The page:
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Tuesday, March 25, 2008

A simple quick explanation as to why US gasoline prices will continue rising rapidly

Consumers around the world are being indirectly taxed through record high gas prices. This of course hurts consumers’ pockets and can raise inflation fears. We wanted to take a look at the crack spread between WTI crude prices and US petroleum prices as measured by the Energy Information Agency. We outline the results below.

The February reading of the U.S. all grades all formulations retail gasoline prices per gallon was $3.078 verses a WTI price of $95.35/barrel for the month. Why is this important? First off, gasoline is produced by applying a refining process to crude oil, so factoring out crude previously purchased at a lower price and hedging activities, gasoline has to be more expensive than crude. For comparative reasons we broke the WTI/barrel price into a WTI/gallon price, so we could compared it to gas prices. The results were not surprising, that is until recently. The average spread over the last 15 years of WTI to gasoline prices per gallon has been $0.53; never going below $0.25, that is until October of 2007. As you can see from the chart below the Gas/WTI spread has remained fairly constant over the years until the recent convergence. We currently estimate the spread for March 2008 stands around -$0.15 after a reading of 0 in February. What does this mean? Well it means eventually, and likely sooner rather than later, the US will experience a sharp rise in gasoline prices, at least without an offsetting drop in WTI prices. If you were to apply the historical spread to current WTI/gallon prices US gasoline prices would total $3.96/gallon. This number seems quite realistic to me.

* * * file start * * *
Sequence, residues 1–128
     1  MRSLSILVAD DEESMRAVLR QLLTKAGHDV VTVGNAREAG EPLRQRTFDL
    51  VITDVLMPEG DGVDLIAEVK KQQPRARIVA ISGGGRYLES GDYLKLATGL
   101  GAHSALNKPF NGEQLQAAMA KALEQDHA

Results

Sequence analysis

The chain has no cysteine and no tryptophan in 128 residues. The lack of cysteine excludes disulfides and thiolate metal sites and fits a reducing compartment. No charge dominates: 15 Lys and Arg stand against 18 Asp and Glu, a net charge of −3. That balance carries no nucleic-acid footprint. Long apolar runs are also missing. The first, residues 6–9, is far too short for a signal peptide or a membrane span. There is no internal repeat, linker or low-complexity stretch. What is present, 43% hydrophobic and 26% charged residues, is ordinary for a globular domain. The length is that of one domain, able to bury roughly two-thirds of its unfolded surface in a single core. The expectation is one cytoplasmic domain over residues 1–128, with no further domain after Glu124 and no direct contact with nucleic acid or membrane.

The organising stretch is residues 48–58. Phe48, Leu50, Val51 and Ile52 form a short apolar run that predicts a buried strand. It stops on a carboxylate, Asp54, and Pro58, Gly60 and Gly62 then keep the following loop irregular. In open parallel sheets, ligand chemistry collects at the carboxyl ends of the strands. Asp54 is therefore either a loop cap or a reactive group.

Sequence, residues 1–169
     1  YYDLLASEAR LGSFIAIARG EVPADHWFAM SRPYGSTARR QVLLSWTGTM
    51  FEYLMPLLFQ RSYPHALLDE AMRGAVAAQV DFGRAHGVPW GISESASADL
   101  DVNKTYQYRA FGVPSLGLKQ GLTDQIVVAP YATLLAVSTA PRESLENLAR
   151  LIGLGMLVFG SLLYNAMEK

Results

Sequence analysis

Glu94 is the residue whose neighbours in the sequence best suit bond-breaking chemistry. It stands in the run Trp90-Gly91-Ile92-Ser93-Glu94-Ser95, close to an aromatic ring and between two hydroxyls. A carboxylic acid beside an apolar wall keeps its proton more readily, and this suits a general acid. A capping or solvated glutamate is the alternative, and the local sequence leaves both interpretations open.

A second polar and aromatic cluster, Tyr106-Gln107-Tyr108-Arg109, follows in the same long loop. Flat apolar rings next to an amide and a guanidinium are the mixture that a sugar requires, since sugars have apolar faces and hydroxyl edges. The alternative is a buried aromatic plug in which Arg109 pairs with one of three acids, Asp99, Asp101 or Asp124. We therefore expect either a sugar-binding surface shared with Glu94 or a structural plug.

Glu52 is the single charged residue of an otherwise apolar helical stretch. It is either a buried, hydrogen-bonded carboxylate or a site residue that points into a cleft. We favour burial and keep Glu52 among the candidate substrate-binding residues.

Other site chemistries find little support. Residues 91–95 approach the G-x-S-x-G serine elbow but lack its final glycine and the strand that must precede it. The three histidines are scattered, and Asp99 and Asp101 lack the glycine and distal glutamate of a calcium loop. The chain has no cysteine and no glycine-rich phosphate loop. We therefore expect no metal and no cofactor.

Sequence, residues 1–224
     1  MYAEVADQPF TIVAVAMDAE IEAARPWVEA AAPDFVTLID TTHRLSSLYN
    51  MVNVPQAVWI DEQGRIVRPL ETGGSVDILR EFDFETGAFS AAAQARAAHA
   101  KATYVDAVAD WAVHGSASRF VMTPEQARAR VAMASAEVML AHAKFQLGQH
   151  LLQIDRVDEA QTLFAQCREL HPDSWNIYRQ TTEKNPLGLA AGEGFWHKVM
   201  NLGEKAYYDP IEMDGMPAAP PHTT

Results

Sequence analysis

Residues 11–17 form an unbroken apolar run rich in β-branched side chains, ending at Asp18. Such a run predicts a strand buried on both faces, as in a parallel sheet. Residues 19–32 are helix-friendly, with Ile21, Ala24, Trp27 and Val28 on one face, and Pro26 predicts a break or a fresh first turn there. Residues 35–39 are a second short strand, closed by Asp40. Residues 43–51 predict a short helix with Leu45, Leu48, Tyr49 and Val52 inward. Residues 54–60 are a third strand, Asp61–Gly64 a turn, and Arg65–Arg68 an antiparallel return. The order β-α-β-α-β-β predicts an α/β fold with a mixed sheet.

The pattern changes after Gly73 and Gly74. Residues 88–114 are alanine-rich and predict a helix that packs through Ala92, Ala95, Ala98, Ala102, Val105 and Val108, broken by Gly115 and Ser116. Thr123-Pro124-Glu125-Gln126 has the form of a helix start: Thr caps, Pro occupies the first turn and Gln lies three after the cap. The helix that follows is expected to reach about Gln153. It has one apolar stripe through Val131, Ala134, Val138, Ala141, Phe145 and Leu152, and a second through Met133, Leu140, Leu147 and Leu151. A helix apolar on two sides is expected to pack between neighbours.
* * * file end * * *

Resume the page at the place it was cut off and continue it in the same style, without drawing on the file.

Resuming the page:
This chart shows the spread between WTI and gas prices has collapsed, meaning WTI prices will need to experience a sharp decline or gas prices need to catch up…

Source: Energy Information Agency & my calculations

Investment Relevance: Crack spreads are used as a measurement of the profit margins for oil companies, such as XOM. In fact, recently, we have seen a drop in both the spread and XOM’s share price. If this spread reverts to its historical level, then we would expect to see higher margins, which should be reflected in share prices. However, the current zero to negative spread does not bode well for the industry, but as we mentioned above we do not imagine that will last for long. One concern however, is that there tends to be a lagging relationship between the two variables. As you can see from the chart below there does in fact appear to be a correlation between the 4 month lagged XOM price and the Gas/WTI spread. This implies that the recent drop-off in the Gas/WTI spread could place some downward pressure on XOM. However, this is a very simplistic model, and I would strongly discourage anyone from trading on it without significant refinements. There is a lot more than one variable that will affect price; this is simply meant to be a demonstration.

4-Month lagged XOM price vs, Gas/WTI spread shows that XOM stock price could face some downward pressure in the coming months

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